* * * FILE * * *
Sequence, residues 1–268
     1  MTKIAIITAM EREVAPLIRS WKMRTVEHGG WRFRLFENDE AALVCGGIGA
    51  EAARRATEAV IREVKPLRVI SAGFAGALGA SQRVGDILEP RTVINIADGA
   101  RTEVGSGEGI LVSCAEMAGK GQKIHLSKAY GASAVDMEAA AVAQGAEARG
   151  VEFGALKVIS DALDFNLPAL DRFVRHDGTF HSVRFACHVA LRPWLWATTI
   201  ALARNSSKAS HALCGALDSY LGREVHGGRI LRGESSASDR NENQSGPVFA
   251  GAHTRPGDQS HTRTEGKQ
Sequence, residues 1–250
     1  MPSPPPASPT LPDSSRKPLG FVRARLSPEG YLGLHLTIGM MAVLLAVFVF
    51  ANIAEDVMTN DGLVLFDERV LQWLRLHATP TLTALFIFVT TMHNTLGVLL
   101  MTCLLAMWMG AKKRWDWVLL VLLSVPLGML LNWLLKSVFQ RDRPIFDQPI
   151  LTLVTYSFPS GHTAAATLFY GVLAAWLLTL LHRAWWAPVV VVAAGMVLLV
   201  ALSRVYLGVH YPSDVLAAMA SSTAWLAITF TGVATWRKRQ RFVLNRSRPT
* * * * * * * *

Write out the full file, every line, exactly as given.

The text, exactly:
Sequence, residues 1–268
     1  MTKIAIITAM EREVAPLIRS WKMRTVEHGG WRFRLFENDE AALVCGGIGA
    51  EAARRATEAV IREVKPLRVI SAGFAGALGA SQRVGDILEP RTVINIADGA
   101  RTEVGSGEGI LVSCAEMAGK GQKIHLSKAY GASAVDMEAA AVAQGAEARG
   151  VEFGALKVIS DALDFNLPAL DRFVRHDGTF HSVRFACHVA LRPWLWATTI
   201  ALARNSSKAS HALCGALDSY LGREVHGGRI LRGESSASDR NENQSGPVFA
   251  GAHTRPGDQS HTRTEGKQ
Sequence, residues 1–250
     1  MPSPPPASPT LPDSSRKPLG FVRARLSPEG YLGLHLTIGM MAVLLAVFVF
    51  ANIAEDVMTN DGLVLFDERV LQWLRLHATP TLTALFIFVT TMHNTLGVLL
   101  MTCLLAMWMG AKKRWDWVLL VLLSVPLGML LNWLLKSVFQ RDRPIFDQPI
   151  LTLVTYSFPS GHTAAATLFY GVLAAWLLTL LHRAWWAPVV VVAAGMVLLV
   201  ALSRVYLGVH YPSDVLAAMA SSTAWLAITF TGVATWRKRQ RFVLNRSRPT